This Weds 9th Sept in Holborn, London, I’ll be talking to an eclectic range of Psychologies magazine readers about how we instinctively advise others – and ourselves – about how to approach big career decisions. Maybe you’ll be in the audience (you still could be by clicking here!) and whether you’re a recent graduate, a 30-something ‘stuck’ quarter-lifer or a 40/50/60-something keen to help your child, partner, sibling or friend make meaningful choices, this 1.5 hr workshop might just help.

If it’s a 20-something you’re advising (or if you’re a 20-something), having got them through school and maybe university, you could be forgiven for thinking, ‘I’ve done my bit. The worst is over. They’re ready to take their place in the world.’ In fact, a bigger challenge lies ahead – their transition from education to work, or from a job that’s so-so to work that is life-enhancing and meaningful.

At Eyes Wide Opened, one of the biggest insights we’ve gathered is that people are often asked the wrong question about work. And the worst is “What do you want to DO? ”.

We need to ask questions that they can answer, that lead somewhere and reveal something new to them. Each revelation can give them energy. The process of self-discovery is eye-opening.

There are several questions at this life stage. The first is ‘what makes you stand out?’. What makes you unique? What is your unique combination of skills, qualities, motivations that sets you apart? No two people will have the same set of exam results, plus skills, plus experience, plus circumstances, plus sense of humour plus … you get the picture.

The second focus area should be the quality of decisions. By knowing themselves (or yourself if it’s YOU you’re advising!) more fully, they stand the best chance of making better decisions. They have a stronger idea of what suits them, how they like to work, what builds their energy (and what deflates it).

A ‘career’ is not what many young people are after. Nowadays people are likely to have several careers. What people need is a great place to start work and to begin that journey of discovery. We rarely land our dream job at first, but we learn through that first experience and move on to the next thing. So, if they or you are struggling with what to do in life, a breadth of ideas, interests, skills, starting points, aptitudes and personal qualities is what you’re seeking to uncover.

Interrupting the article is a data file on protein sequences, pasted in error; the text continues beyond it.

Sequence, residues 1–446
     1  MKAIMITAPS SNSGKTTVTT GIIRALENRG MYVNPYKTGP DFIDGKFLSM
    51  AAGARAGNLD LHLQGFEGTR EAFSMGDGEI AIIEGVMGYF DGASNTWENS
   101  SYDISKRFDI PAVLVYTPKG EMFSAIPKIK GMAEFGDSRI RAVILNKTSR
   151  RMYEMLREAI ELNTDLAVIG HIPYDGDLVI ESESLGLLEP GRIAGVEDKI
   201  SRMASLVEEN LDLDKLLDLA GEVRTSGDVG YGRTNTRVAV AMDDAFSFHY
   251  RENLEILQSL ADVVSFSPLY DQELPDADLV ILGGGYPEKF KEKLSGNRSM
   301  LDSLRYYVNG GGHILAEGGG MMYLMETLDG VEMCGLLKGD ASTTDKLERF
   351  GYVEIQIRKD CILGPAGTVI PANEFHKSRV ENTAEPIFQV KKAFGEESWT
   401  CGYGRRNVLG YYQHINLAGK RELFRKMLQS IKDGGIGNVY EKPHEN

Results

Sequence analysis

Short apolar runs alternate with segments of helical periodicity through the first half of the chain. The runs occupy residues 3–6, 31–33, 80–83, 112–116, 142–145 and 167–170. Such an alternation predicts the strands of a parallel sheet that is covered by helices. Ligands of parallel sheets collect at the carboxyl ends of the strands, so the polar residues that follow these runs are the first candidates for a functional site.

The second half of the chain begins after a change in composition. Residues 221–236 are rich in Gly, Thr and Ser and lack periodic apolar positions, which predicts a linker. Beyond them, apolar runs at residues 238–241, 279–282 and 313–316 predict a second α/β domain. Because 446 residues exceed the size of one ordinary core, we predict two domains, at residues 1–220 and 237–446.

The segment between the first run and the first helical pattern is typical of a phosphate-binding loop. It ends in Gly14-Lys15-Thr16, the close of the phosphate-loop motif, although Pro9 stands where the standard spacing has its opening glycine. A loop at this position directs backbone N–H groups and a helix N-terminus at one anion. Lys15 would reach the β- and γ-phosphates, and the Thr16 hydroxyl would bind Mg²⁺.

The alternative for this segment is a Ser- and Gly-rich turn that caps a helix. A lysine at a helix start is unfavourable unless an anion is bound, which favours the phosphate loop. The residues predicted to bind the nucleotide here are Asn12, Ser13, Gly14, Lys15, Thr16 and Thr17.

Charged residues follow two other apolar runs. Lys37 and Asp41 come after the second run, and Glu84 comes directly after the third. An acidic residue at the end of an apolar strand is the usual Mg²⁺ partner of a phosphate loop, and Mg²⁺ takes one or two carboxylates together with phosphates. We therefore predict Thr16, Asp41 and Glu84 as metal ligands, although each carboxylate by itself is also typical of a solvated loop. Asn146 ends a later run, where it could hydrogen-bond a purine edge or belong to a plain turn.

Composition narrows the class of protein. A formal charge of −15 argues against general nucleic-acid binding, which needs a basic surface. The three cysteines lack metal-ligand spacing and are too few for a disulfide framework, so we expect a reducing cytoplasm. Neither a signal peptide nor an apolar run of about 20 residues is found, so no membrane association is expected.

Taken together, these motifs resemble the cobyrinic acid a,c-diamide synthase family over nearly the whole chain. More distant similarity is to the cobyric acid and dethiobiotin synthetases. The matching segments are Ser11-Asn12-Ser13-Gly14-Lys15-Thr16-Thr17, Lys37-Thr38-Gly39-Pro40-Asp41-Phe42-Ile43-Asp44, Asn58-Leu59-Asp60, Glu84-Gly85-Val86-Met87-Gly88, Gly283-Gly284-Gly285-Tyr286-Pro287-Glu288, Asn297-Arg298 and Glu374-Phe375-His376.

5 useful questions for the career-ponderer

1. What does work mean to me today? What are my expectations of it? What do I want it to be? What are the words, feelings, success factors?

2. Who do I know who’s happiest in their work? Why is this?

3. What am I good at? The object here is to write down a long list. Start with skills from work or education. Look at personal circumstances, experiences, childhood, part-time jobs. Cover tiny little qualities as well as things you have a natural aptitude for. With big things, break them down into component parts.

4. If I knew then what I know now: Imagine you’ve been asked for some advice from someone three years younger than yourself. What five points do you want to pass on? We never stop learning, so what have you learnt about yourself in relation to work during the past three years?

5. What or who gives me energy? Divide this down into activities; people; habits and rituals; environments etc.

Just remember one thing. We have a wealth of experiences tucked up inside us. The key is unlocking them to unearth the meaning they hold for each of us. The raw material is there. We just need to make some sense of it!

Alastair Creamer
Eyes Wide Opened

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